Little research has been done to examine the impact of informal science, technology, engineering, and mathematics (STEM) learning on middle school students’ career aspirations. Participants included 507 incoming fifth through eighth graders from underrepresented populations in STEM fields, which were recruited at three sites. Data collected included semi-structured interviews, session reflection forms, and surveys administered before and at the end of the STEM summer learning experience. Social Cognitive Career Theory was used to examine the extent middle school students’ experiences at a STEM summer learning experience influenced their interest in STEM careers. Quantitative data were examined related to self-efficacy. Self-efficacy scores after the STEM learning experience were significantly higher than initial self-efficacy scores and justified further qualitative analyses. A deductive approach was used to analyze the qualitative data. The themes of role models, influence of the STEM summer learning experience, applicability of STEM, and empathy were revealed. Many students reported they were drawn to a specific STEM career because they wanted to help a person for whom they care about, such as a sibling with an illness or a family member battling cancer. This study demonstrates the need to provide all students the access and opportunity to engage in authentic, hands-on learning experiences that connect STEM to their daily lives, increase their interest in STEM, and introduce them to different STEM careers so they make more informed decisions about future STEM career choices and suggests that the role empathy plays in fostering students’ interest in STEM be further examined.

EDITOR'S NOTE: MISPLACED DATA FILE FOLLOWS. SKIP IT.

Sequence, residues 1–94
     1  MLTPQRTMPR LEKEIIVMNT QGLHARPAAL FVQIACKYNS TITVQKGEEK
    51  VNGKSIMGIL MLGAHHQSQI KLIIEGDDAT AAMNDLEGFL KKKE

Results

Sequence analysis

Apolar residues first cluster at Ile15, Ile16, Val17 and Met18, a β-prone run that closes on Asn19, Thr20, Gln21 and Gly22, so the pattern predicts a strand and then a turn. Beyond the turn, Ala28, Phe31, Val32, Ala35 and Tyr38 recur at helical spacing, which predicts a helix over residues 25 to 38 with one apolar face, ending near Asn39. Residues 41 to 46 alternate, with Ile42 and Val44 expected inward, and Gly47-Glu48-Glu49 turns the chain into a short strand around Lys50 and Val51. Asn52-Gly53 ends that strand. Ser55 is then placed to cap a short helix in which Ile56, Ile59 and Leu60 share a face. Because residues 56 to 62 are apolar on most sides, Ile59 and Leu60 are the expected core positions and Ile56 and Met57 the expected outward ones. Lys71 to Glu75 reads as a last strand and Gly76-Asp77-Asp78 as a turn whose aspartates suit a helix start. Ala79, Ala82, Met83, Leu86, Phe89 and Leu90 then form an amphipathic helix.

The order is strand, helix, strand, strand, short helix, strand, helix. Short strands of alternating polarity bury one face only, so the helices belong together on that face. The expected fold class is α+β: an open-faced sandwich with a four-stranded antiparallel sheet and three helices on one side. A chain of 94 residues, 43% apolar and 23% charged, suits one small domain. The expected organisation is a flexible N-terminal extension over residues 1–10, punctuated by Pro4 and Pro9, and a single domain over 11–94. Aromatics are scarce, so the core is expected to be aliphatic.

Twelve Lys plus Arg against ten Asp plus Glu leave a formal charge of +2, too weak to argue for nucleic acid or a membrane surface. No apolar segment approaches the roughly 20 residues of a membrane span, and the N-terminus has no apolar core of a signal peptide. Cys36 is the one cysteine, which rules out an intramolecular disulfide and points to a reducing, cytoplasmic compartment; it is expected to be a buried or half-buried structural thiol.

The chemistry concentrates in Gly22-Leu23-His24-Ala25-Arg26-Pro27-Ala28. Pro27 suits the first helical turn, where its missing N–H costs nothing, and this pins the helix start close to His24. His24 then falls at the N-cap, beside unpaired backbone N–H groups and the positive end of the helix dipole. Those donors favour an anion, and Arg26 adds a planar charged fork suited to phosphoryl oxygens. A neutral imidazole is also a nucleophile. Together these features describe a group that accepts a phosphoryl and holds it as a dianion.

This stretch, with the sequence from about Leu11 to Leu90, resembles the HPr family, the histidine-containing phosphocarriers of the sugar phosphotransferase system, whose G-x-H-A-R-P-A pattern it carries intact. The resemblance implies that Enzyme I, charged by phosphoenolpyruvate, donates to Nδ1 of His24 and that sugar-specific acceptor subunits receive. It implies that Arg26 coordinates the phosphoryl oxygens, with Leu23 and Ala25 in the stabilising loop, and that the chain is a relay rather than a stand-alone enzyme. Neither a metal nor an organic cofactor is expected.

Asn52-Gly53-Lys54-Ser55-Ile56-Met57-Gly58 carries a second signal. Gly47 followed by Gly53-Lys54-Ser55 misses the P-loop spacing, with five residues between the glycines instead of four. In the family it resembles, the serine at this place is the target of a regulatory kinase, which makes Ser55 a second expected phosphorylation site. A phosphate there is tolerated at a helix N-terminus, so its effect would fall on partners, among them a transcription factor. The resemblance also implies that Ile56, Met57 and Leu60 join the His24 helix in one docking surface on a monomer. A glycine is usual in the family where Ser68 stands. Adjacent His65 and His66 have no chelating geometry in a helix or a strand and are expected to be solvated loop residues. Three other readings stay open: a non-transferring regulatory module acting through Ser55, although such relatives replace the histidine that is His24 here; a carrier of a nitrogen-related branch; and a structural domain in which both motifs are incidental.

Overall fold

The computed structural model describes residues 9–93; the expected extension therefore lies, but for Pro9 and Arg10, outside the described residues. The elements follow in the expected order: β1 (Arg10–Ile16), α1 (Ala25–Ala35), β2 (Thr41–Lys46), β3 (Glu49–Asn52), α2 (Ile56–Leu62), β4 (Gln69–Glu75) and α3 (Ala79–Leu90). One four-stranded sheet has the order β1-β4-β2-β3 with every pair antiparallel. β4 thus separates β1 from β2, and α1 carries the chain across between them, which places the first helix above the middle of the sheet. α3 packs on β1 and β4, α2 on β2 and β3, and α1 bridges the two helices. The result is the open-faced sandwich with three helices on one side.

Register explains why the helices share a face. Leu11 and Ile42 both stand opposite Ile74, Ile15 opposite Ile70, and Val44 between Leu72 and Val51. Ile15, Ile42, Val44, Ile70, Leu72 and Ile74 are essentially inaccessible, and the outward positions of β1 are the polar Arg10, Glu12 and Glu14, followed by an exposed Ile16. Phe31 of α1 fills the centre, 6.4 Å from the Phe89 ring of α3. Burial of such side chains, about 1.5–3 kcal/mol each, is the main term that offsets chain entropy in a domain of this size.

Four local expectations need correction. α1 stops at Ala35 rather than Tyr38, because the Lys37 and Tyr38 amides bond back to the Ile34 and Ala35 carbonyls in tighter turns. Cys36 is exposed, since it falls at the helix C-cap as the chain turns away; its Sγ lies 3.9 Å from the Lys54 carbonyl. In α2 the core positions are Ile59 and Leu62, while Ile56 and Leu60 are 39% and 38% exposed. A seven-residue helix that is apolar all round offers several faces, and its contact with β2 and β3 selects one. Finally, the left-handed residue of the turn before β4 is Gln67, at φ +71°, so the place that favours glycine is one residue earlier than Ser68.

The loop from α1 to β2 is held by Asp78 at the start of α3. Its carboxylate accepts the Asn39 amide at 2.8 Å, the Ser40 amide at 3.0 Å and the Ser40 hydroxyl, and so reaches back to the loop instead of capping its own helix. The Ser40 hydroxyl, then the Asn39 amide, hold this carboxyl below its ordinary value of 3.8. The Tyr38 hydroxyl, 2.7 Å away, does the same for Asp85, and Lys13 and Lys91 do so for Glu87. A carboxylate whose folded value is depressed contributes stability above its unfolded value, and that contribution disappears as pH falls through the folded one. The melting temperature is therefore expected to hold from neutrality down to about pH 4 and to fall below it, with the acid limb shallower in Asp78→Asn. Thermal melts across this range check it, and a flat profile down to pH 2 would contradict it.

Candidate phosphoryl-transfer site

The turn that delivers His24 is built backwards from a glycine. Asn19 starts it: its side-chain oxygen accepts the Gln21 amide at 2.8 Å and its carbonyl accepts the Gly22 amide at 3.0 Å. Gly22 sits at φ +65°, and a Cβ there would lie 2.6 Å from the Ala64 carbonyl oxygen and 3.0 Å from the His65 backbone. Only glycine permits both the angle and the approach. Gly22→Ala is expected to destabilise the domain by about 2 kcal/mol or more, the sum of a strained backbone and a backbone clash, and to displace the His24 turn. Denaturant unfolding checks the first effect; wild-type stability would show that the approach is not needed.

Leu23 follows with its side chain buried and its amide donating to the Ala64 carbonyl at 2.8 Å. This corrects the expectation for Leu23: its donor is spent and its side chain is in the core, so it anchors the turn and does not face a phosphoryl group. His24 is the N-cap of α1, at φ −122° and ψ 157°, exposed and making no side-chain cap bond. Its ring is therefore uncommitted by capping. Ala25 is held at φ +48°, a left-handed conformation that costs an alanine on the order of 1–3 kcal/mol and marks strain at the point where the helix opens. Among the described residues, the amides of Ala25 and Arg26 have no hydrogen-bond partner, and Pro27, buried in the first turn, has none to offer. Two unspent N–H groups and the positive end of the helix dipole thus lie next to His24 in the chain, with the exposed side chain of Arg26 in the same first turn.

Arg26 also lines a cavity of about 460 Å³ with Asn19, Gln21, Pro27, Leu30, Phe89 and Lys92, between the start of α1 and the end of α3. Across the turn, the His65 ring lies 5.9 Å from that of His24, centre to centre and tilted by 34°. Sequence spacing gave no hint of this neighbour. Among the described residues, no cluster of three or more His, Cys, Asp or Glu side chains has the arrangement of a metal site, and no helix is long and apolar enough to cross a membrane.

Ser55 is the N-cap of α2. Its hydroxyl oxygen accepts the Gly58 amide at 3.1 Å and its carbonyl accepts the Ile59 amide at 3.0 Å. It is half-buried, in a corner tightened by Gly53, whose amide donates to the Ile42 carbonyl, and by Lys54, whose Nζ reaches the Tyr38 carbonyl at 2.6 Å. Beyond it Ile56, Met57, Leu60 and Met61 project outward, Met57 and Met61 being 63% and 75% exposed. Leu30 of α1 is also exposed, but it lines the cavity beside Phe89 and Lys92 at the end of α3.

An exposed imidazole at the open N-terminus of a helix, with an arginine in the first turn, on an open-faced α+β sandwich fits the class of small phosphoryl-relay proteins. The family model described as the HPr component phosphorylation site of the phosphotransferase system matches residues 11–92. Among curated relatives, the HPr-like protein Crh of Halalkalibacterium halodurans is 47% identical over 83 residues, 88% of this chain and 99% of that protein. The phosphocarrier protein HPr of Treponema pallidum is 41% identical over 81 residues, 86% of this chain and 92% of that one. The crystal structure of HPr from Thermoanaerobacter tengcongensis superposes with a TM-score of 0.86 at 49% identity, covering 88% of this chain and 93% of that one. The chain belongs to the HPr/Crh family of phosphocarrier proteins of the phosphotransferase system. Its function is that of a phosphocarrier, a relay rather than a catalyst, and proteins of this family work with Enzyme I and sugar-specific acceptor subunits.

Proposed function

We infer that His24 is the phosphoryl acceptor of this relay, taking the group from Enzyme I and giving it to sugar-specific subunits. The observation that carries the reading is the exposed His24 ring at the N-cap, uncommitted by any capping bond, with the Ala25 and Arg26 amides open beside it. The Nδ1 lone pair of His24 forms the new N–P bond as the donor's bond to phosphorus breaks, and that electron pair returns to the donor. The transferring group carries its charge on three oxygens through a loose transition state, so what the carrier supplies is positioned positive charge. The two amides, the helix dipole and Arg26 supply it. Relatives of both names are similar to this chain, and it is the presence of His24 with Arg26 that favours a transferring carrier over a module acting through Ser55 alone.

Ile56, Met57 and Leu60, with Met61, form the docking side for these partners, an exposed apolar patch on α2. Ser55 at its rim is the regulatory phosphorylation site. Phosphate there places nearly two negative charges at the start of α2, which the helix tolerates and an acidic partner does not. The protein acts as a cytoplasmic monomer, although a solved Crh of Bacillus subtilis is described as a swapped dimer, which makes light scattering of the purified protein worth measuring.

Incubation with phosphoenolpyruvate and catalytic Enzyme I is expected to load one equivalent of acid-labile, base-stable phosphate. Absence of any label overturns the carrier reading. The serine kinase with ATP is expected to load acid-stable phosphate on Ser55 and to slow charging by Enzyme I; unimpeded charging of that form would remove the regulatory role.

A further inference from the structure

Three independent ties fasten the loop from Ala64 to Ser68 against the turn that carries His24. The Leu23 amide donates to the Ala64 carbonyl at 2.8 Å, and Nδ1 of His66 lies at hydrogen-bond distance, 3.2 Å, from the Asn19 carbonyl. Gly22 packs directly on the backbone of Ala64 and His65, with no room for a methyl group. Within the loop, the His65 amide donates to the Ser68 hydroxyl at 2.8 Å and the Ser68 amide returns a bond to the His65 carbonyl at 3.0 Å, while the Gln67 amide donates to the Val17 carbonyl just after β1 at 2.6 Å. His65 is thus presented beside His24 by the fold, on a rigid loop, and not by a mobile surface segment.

|Number of pages
|International Journal of Science and Mathematics Education
|Published - Jan 2021
Bibliographical notePublisher Copyright:
© 2020, Ministry of Science and Technology, Taiwan.
- Empathy in STEM
- Informal learning
- STEM education
- Student interest in STEM careers
ASJC Scopus subject areas
- Mathematics (all)